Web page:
In this video, Cervo demonstrates how he improvises at the piano to explore musical ideas.
Aleph Cervo ’14 is trying to get out of a rut. And the strategy he’s using to break out of his routine and forgo his standard go-to solutions is to compose a 10- to 15-minute quintet for two violins, viola, cello and piano.
“When I’m composing I get stuck into patterns or repetitions,” Cervo said. “I build on a chunk of music that repeats and add layers. Now I’m trying to create a narrative that gets away from that — a musical story. It has its ups and downs, its climaxes and its resolutions.”
Cervo, a rising junior who’s majoring in music at Bowdoin, grew up in Laguna Beach, Calif., but was born in Brazil and lived there until he was five. Both his parents are Brazilian; his father, a composer and university professor, still lives there, in Porto Alegre. His mother, in California, is a classical pianist. So it’s not too surprising to learn that, being surrounded by music, Cervo began composing when he was about five or six years old. He still has those early compositions, too, because his father wrote them all down.
This summer, Cervo has a Langbein fellowship from Bowdoin to devote himself to creating a piano quintet — his most ambitious musical project yet — under the guidance of his advisor, Associate Professor of Music Vineet Shende. “Rarely during the school year do you get a block of time to dedicate to composing,” Cervo said.
Cervo’s quintet will be performed this fall by professional musicians. During the quiet days of summer, Cervo is spending hours at the piano, playing chords, experimenting with sounds. When he hears something he likes, he transcribes it, and begins to fill in the parts for other instruments. “I always start with musical ideas on the piano, until I come up with a melodic theme or a harmonic progression,” he said. “When you have a starting idea, you can figure out where it goes. You can build in either direction. It doesn’t have to be the start of the piece.”
When asked to characterize the quintet, Cervo was hesitant to slip his creation into a genre. “Nowadays, it’s very difficult to categorize music,” he said.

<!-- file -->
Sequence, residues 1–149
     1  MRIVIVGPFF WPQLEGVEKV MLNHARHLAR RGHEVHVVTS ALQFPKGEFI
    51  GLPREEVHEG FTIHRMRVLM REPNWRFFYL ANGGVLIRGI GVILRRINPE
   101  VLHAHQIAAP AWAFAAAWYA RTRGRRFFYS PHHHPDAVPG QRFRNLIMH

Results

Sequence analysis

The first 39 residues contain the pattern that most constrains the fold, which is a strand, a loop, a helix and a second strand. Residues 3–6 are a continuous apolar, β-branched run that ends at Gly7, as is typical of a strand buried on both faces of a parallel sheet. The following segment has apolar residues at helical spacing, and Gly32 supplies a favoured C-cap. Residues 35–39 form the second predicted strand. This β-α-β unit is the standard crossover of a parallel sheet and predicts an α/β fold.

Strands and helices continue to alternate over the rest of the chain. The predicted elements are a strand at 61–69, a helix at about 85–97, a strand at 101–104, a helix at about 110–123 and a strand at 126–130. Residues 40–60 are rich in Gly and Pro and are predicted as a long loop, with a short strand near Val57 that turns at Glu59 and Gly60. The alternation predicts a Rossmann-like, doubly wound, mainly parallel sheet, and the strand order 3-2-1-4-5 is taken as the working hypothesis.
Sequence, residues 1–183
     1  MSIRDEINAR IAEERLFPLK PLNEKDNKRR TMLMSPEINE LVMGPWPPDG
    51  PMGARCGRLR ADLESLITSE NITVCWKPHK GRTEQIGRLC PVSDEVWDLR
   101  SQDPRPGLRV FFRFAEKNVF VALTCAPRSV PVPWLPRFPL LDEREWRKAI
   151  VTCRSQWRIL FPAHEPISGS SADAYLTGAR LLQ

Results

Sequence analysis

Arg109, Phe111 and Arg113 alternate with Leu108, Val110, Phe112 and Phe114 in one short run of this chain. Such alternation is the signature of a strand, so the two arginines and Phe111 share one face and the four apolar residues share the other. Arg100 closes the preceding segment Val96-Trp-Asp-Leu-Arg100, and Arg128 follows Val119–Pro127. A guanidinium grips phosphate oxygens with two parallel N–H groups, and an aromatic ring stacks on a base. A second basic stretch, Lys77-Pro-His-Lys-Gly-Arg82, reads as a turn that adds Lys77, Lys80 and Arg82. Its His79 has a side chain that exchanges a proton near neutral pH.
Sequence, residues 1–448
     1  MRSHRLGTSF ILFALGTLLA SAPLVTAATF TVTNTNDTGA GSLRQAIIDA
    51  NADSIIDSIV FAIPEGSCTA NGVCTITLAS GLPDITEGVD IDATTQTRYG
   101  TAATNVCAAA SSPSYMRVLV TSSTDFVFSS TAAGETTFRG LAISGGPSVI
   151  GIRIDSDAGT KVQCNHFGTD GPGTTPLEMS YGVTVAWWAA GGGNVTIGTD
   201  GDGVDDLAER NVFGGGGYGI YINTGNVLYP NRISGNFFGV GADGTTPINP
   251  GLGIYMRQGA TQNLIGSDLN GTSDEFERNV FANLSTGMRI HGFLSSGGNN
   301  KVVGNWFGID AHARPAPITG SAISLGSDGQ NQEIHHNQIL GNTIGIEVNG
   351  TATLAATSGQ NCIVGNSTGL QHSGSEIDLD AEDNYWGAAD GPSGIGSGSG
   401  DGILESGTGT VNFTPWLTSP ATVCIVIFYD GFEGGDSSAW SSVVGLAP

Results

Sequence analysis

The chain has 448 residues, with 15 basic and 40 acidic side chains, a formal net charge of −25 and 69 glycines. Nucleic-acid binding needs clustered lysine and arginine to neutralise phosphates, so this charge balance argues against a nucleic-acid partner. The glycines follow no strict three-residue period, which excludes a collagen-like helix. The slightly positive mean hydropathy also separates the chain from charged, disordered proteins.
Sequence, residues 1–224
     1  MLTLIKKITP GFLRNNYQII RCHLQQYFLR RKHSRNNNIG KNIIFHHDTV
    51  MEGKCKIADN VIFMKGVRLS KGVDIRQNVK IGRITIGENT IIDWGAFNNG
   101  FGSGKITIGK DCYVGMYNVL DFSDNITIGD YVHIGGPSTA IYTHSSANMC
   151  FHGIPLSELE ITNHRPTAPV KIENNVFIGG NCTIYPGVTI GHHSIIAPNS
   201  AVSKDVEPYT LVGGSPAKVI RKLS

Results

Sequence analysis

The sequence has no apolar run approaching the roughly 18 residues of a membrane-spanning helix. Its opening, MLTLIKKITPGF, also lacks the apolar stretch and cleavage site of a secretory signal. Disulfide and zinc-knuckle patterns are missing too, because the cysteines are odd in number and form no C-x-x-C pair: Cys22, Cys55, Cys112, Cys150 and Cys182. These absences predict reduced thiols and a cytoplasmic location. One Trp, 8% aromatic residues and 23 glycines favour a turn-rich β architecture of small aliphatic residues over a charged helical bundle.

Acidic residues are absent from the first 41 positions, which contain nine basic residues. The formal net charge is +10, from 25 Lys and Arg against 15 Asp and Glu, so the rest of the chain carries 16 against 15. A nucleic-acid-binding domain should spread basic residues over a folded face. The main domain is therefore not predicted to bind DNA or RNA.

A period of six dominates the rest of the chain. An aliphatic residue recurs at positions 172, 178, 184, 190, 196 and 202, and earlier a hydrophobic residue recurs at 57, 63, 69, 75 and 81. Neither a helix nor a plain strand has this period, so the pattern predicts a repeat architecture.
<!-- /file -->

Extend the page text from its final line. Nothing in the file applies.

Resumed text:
While Cervo loves “70s prog” — the progressive rock of the 1970s, which includes bands like Yes, Genesis, and Emerson, Lake & Palmer — his inspirations for composing range from French composer Maurice Ravel to film scores, particularly for Pixar animations. “They have incredible soundtracks and really enhance the films,” he said. “It’s a different compositional style, a different process, because when you’re composing in the concert tradition, you’re starting from your imagination.” But with films, you have narrative points to use as guides. “I may want to go into film scoring in the future,” he added.
Spending days at a piano in one of the practice rooms of Studzinski Recital Hall, below Kanbar Auditorium, and surrounded by sheet music filled in with his small, neat, penciled notes, Cervo is moving quickly now on his quintet. “It’s exponential,” he said, about his pace. “It started off slowly and is getting faster and faster. The brain is like a muscle. If you exercise the compositional part of your brain — wherever that is — every day you get better at it.”
The Edward E. Langbein Summer Fellowship is awarded annually to an undergraduate or recent graduate to enable the recipient to participate in summer research or advanced study related to his or her major field or life work. The competitive fellowship is just one among many that Bowdoin College offers to qualified students to support summertime research, projects or internships.